The Sunflower Initiative Remembers Jane Rinden

October 2019

Women We Have Known

Jane Rinden
Teacher, Traveller, Colleague, Friend

by Perry Carter Craven ’62

Jane Herb Rinden knew when she came to Randolph-Macon Woman’s College that she wanted to be an English teacher. I could tell that when I borrowed her notes from our Modern Poetry class which I had missed.   After opening the notebook and sitting back in my chair I realized this is what notes should be.

Unlike mine, they were perfectly outlined.  There were titles of reference books; quotes from other writers, lists of paintings and music.   You could lecture from any page.  She did own up later that these notes were the “second and refined” notes from the class– first notes taken live; the second expanded at her desk using her other books as references.

Jane graduated from R-MWC in 1962 with honors in English, the winner of the book store’s Best Student Library.  She was so proud to have read Chekhov’s “Three Sisters” in Russian.   Jane earned a master’s degree in English from New York University and began teaching at The Hewitt School and later at Packer Collegiate Institute.  A memorial service for her was held at Packer October 28, 2018.   She had died that year on July 23 in Brooklyn, NY, age 78, following a brief illness.

Most of her teaching career was at The Chapin School in New York City from 1981 to 2006.  She taught and retired as Head of the English Department.  The school’s newsletter, Chapin Today, honored Jane with an essay by Ann V. Klotz, a former colleague, and Wanda Holland Greene, a former student and colleague. Much of this piece is taken from that article. Both authors are now Heads of Schools at all-girls independent schools.

“As a teacher,” her colleagues wrote, “when students know a teacher is invested in their success and holds them to tremendously high standards, they will stretch to meet those expectations. Legions of girls learned to write persuasively, to think critically and to risk creatively with her brilliant example to illuminate their paths.”

Along the way to becoming a teacher she became a New Yorker.   She was full of the City.  Married to Thor, the love of her life, she combined the cosmopolitan and domestic.  She and Thor renovated their 1880’s Brooklyn four-story brownstone in Carroll Gardens, literally from top to bottom over decades of work.   And as noted in the Chapin article, they attended to every detail with the same exquisite care they showed one another.   The New York Times featured a story about their house on November 8, 2018.    As part of her love for Chapin, Jane made a bequest for faculty support, “The Jane Rinden Fund for Excellence in Teaching,” funded in part from proceeds from the sale of her house.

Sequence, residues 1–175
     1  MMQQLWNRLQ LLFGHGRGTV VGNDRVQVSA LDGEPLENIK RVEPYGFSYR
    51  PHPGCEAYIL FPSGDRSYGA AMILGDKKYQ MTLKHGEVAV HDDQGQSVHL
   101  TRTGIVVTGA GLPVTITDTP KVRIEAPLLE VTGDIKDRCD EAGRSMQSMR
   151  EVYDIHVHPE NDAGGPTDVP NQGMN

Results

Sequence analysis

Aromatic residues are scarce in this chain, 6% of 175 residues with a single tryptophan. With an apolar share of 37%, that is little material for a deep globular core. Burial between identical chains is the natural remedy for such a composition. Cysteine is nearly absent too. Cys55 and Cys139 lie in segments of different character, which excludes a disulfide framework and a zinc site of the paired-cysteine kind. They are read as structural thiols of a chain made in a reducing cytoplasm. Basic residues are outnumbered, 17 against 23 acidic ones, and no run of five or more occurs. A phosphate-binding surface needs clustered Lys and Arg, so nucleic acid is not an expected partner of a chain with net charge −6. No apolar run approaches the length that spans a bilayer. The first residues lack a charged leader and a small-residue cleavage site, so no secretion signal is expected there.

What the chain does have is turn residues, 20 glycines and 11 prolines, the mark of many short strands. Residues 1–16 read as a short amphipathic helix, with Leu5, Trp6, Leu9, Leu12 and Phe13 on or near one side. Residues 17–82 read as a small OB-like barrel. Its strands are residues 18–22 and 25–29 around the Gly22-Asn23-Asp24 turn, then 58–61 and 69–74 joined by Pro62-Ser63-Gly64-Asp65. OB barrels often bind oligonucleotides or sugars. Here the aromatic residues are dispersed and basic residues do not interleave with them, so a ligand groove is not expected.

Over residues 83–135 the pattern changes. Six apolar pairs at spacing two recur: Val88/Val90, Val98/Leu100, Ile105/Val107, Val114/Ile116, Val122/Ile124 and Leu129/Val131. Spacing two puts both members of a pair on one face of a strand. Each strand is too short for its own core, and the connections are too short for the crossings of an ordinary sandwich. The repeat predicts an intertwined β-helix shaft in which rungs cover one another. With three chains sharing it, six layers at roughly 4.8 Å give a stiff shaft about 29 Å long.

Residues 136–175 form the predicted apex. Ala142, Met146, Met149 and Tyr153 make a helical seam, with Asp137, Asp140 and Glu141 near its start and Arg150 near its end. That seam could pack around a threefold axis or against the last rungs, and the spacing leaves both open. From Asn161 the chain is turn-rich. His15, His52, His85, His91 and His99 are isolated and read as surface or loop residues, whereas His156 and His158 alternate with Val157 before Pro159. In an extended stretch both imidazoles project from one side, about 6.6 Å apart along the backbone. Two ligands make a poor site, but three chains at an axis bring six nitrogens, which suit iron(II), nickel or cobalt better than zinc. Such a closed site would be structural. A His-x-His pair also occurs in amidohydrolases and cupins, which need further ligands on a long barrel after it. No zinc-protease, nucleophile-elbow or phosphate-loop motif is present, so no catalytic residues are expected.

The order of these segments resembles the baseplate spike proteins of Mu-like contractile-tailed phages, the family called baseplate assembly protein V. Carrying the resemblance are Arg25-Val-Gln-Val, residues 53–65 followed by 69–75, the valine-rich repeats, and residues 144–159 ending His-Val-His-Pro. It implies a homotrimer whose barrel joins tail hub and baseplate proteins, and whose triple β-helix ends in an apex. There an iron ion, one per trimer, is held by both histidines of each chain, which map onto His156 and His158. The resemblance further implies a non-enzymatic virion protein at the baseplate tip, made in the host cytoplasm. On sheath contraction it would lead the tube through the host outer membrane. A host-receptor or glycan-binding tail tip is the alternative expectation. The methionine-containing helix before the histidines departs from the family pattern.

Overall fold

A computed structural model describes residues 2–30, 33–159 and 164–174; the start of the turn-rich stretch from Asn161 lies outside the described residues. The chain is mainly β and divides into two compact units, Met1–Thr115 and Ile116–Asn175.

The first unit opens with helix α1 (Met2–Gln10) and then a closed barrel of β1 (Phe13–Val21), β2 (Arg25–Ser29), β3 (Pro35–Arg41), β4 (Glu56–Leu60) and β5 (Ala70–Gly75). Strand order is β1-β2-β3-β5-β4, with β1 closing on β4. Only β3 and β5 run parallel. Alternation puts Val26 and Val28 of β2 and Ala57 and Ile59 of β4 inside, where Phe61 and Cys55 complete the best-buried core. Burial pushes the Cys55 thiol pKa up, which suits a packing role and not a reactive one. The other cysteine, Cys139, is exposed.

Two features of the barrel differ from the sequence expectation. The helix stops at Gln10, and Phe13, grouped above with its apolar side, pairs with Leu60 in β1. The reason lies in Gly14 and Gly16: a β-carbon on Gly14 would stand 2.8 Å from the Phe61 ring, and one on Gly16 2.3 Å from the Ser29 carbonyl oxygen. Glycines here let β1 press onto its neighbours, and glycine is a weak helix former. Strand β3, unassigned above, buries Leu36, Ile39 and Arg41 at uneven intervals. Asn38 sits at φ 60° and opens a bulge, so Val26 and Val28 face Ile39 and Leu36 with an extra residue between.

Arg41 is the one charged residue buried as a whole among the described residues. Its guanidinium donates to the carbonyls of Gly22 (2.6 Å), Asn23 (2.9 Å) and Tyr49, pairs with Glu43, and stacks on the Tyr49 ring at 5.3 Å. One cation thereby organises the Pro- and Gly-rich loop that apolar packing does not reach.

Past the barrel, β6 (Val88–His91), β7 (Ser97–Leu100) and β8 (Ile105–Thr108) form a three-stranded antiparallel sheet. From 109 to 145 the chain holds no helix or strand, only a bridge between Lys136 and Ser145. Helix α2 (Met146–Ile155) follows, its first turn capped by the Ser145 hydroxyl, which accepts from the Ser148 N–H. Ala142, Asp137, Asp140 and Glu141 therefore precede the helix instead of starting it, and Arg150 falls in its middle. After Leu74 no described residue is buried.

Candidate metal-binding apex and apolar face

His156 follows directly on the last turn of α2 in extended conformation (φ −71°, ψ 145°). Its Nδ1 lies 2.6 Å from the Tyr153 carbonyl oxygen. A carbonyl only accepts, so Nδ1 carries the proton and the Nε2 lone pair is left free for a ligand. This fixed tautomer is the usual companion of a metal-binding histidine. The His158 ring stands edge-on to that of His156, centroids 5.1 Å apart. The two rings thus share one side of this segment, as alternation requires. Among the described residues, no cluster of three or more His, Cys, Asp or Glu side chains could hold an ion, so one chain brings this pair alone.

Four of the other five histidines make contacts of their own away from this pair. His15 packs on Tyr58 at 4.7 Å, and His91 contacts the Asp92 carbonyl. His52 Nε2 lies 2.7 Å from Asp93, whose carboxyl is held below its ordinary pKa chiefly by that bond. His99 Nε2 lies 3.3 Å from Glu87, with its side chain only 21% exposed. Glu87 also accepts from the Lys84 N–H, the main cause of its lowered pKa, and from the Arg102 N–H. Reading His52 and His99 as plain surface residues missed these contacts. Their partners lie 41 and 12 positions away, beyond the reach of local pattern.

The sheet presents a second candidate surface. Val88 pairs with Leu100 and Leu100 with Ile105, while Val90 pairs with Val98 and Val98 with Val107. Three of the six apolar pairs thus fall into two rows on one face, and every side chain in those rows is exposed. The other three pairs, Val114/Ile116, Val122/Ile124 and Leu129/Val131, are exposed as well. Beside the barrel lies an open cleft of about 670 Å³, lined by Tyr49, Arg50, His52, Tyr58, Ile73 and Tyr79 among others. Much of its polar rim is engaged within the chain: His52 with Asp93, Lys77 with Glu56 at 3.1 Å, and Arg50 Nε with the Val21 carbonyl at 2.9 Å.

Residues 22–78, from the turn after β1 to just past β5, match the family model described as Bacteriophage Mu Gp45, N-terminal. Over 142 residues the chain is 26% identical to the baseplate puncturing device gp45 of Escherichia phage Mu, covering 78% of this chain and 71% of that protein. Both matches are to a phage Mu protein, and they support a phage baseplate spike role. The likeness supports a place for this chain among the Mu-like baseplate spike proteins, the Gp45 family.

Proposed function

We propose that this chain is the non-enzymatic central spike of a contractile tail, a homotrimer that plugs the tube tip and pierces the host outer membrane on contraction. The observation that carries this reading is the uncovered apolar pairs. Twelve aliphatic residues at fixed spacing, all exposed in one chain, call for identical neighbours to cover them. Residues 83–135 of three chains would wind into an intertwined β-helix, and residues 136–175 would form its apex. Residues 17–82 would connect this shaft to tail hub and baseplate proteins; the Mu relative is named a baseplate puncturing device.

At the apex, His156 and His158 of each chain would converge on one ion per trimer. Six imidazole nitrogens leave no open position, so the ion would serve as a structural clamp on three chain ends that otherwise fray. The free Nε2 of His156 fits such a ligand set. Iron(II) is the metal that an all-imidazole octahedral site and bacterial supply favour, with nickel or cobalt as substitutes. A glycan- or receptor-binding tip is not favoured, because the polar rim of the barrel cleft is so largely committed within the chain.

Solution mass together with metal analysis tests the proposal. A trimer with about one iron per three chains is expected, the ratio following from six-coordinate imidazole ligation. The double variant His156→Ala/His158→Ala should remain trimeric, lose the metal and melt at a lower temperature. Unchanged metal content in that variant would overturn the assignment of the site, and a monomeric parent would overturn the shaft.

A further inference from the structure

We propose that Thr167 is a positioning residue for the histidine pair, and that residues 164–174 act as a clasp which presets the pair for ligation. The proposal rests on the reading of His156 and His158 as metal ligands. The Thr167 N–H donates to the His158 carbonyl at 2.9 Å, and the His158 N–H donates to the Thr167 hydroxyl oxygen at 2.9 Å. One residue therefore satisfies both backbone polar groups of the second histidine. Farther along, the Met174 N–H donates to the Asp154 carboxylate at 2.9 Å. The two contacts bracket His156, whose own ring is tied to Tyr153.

Thor was an artist and his studio where he later worked full time was on the top floor of their brownstone.  And on the bottom floor, Jane had her kitchen, dining room and her garden.  She was a wonderful cook as many friends, relatives and friends of friends who were guests over the years would testify.

Jane grew up in Metuchen, New Jersey.  Her father, a high school history teacher, leased hotel rooms for a week in the summer and the family would “do” New York.   She continued that spirit, always a ticket holder for the opera, always going to the theater and always traveling by subway.  As part of her estate, boxes of playbills from decades of theater on Broadway have been donated to the Brooklyn Public Library.  And she loved fashion.  Her students at Chapin looked forward to seeing what she would be wearing each day.

During the summer, Jane and Thor spent time at their little cottage on the Jersey shore at Stone Harbor and they stayed late in his illness after Thor was diagnosed with colon cancer. It was a quiet place.    They received caring, personal calls from doctors and after returning from a hospital stay, a sign in the fruit and vegetable marquee read, “Welcome Home, Thor:  We Love You.”  Her friends from Chapin came to call, bringing Woody Allen movies for Thor and a laptop for Jane, along with instructions, so she could keep up with thoughtful notes from their many friends during this time.

After Thor’s death in 2009 at age 72, Jane continued her travels, wrote more poetry and began their book, Jane & Thor:  A Memoir and Poems.  I am indebted to her book and reflect some of her thoughts here in this too brief article about her and her elegant life. She had studied in England for her work on Victorian writers; she had been to Russia to continue her fascination with Russian authors and painters and just before becoming ill herself had returned from a trip to Portugal.  The book contains accounts of her trips to seemingly every place in Europe– earlier travels while still in college, later ones with her mother and even more with Thor.  Her Christmas cards each year had her photograph from that year’s trip.

In November 2012, Jane joined me and my husband in Gdansk, Poland, to walk through the cold night air viewing video installations and displays as part of an international exhibition curated by a friend from SECCA (Southeastern Center for Contemporary Art) in Winston-Salem, NC. The art, the night, the cold, the history, Jane’s company, all are vivid memories. We also liked the ice cold vodka set before us even before we sat down at any restaurant.

 Jane was a powerful study in contrasts and  built a life her friends regarded with wonder.  “She made meaning through words and art and travel and was insatiably curious.  A traveler, with an appetite for new experiences, new places and always able to translate those adventures into words,” from the Chapin article.

“We are grateful for all she shared,” her colleagues wrote, “grateful for the model she offered for how to live a life full of joy and purpose.”

 Her old friends feel the same.